http://atwonline.com/aircraft-engine...-1104

So Boeing now only sign commitments with customers. They no longer do MOUs? The Boeing shift of yet another goalpost. I love those guys.
 
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RE: Randy Tinseth On 100 Days Of MAX

Sun Dec 11, 2011 10:58 pm

Quoting ebbuk (Reply 28):

From a contract perspective there are many options for an airline to commit to buying an aircraft.

As stated MAX still has a way to go before firm configuration. Boeing are offering the aircraft for sale and subsequently airlines are lining up with deposits to secure production slots Thus the change of contract conditions is nothing more than a contract reflecting the terms in which an aircraft has been sold or committed to.

Nothing to scary in my opinion.
 
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RE: Randy Tinseth On 100 Days Of MAX

Sun Dec 11, 2011 11:10 pm

This place kills me sometimes.

The customers are signing checks and monies are being deposited in Boeing's bank account. Even if Boeing is only taking a token deposit on each of those 800 frames, that's going to be well north of a billion dollars. And yet this is some great failure on Boeing's part to read the market and respond competitively.

It must really stick in the craws of some folks to see Boeing pulling something out of their bums at the last minute and turning it into an eleven-to-twelve-figure windfall.
 
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RE: Randy Tinseth On 100 Days Of MAX

Sun Dec 11, 2011 11:17 pm

Quoting Stitch (Reply 30):
The customers are signing checks and monies are being deposited in Boeing's bank account.

I think that is a stretch considering the small number of actual orders.

Quoting Stitch (Reply 30):
Even if Boeing is only taking a token deposit on each of those 800 frames, that's going to be well north of a billion dollars.

Orders generally (not always) require a deposit, LOI or similar require nothing.
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RE: Randy Tinseth On 100 Days Of MAX

Sun Dec 11, 2011 11:41 pm

I think it is pretty pointless comparing how many orders the A320NEO vs 737MAX got in their first 100 days of being offered formally. The planes were at different stages of development and 6 years from EIS when they were announced publicly. The beginning of orders is rather arbitrary.

It's also pointless in my opinion arguing about whether airlines have placed deposits or not. I think it is pretty clear that Boeing has airlines that plan on acquiring 800 MAXs so far. It is a bit premature for firm configuration and deposits from larger established airlines are usually very small. United secured 10 Billion in orders with 5 Million in deposits when they ordered the 787 & A350.

I think the important factor is that the 737MAX is earning customers and they are committing to it. Regardless of what John Leahy says about it being suboptimal, Boeing rethinking it, or anything else, it appears that its projected performance is what many airlines are looking for and they do want it.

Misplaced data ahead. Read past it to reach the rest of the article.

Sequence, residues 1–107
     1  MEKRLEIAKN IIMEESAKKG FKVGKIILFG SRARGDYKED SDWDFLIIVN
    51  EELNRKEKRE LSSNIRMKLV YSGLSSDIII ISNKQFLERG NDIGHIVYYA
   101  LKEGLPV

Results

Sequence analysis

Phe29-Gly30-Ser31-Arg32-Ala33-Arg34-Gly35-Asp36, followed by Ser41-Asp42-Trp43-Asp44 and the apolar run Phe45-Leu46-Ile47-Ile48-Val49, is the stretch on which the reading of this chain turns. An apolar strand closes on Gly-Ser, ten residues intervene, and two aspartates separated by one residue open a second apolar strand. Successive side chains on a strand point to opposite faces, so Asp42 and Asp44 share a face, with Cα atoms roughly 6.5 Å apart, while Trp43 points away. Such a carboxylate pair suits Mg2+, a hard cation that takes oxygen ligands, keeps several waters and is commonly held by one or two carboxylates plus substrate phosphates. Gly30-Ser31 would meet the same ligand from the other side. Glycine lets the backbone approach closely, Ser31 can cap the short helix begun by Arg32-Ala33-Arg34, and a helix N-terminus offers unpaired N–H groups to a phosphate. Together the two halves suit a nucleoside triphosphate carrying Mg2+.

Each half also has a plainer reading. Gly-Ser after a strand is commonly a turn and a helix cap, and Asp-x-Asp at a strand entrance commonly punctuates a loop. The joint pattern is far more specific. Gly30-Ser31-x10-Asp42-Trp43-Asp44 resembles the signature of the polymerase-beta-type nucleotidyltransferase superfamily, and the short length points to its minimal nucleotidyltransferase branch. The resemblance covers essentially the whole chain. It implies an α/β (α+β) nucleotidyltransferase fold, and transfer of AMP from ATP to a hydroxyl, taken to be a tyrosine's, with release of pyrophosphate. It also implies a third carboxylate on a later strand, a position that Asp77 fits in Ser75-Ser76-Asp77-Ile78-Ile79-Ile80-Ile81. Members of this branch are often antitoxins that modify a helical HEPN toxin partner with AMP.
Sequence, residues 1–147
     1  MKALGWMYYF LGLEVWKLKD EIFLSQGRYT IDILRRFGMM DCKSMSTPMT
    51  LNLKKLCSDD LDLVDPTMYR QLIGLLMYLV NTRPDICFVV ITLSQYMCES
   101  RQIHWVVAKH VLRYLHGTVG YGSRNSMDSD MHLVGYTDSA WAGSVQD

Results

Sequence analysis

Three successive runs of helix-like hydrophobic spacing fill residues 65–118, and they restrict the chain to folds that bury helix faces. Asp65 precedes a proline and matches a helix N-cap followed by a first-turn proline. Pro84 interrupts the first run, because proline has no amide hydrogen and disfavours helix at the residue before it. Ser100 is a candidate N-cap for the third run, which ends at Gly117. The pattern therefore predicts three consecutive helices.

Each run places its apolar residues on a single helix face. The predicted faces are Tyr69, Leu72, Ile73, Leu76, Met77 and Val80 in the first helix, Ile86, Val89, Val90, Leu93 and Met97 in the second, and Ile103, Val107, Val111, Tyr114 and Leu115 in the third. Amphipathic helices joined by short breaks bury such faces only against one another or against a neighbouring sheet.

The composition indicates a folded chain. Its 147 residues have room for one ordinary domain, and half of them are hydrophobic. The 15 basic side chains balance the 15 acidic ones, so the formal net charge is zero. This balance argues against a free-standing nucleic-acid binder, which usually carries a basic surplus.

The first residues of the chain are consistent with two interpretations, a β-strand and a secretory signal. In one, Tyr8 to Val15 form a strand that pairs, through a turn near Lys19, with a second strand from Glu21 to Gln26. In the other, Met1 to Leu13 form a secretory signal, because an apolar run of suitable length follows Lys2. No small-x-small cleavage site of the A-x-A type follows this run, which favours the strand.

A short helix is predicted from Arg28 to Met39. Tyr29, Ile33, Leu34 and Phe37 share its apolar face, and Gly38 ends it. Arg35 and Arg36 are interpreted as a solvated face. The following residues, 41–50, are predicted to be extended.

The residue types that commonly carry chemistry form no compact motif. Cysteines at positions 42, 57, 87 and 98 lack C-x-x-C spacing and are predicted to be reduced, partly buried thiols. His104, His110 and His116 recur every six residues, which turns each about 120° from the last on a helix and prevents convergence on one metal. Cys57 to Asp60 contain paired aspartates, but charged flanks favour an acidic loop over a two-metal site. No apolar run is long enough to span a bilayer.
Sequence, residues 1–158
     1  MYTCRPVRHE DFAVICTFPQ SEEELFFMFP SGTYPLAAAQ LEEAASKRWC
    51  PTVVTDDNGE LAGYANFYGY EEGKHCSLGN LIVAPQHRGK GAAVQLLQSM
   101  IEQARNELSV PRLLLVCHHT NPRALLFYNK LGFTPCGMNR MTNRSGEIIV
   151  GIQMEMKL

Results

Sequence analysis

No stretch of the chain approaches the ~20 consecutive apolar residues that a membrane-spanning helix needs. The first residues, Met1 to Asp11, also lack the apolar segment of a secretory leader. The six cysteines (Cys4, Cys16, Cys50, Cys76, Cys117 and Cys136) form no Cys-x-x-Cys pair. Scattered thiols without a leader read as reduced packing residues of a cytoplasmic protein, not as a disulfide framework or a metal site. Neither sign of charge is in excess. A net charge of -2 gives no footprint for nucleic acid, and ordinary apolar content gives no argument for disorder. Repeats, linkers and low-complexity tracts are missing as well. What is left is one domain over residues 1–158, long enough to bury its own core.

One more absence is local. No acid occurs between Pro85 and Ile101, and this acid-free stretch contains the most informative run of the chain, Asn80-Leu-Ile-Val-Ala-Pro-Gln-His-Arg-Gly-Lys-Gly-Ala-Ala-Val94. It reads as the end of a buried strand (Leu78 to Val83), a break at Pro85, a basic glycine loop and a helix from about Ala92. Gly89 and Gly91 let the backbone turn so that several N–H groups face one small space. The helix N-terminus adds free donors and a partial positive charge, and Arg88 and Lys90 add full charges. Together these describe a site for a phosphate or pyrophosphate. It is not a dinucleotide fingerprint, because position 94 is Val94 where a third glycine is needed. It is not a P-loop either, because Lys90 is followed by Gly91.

It seems like there are plenty of people pointing out some very legitimate compromises/trades that have been made in the design. However these are not stopping it from selling. Nose gear extension, cockpit commonality, engine fan diameter constraints, hybrid fly by wire, cabin width, range, capacity vs A320, aluminum vs composites, 1960s technology, 1990s wing, discounts, etc are repetitive discussion topics and legitimate design considerations, but Randy is talking about the airplane receiving orders and commitments in this article. Boeing seems to be working on designing around all of the design constraints and getting sales interest. It is never going to end that some people are going to say the 737 should be dead while others praise its strong points.

In the end sales matter and both the NEO and MAX have taken off with similar velocity. The A320NEO came out with some incredible sales figures and set some records, especially with some airlines planning incredible growth in the long run. It appears we are seeing similar orders with the MAX although customers tend to not be as public about it.

[Edited 2011-12-11 15:54:46]
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RE: Randy Tinseth On 100 Days Of MAX

Mon Dec 12, 2011 12:18 am

Quoting garpd (Reply 1):
Interesting read.
Gotta take it with a grain or two of salt.

      On both counts.

Quoting mffoda (Reply 13):
He said 12 "Customers", not airlines... I suspect several leasing companies are included in that number.

   Indeed, one of the first 3 customers to go public is a leasing company.

Quoting BD338 (Reply 11):
Delta, Lion Air and Aviation Capital Group for sure have signed some sort of commmitment/intent to acquire 737MAX.

American Airlines, Lion Air and Aviation Capital Group are the three to go public so far. Delta has not. And I'd be willing to bet quite a few pints that they are not part of this group of 12.

Quoting tdscanuck (Reply 16):
There's nothing that says an MOU or commitment can't come with a deposit. Indeed, as other posters have already indicated, it appears that several customers have made commitments and deposits. The converse is also true...there's no technical reason you can't have an order without a deposit, although that would be pretty rare.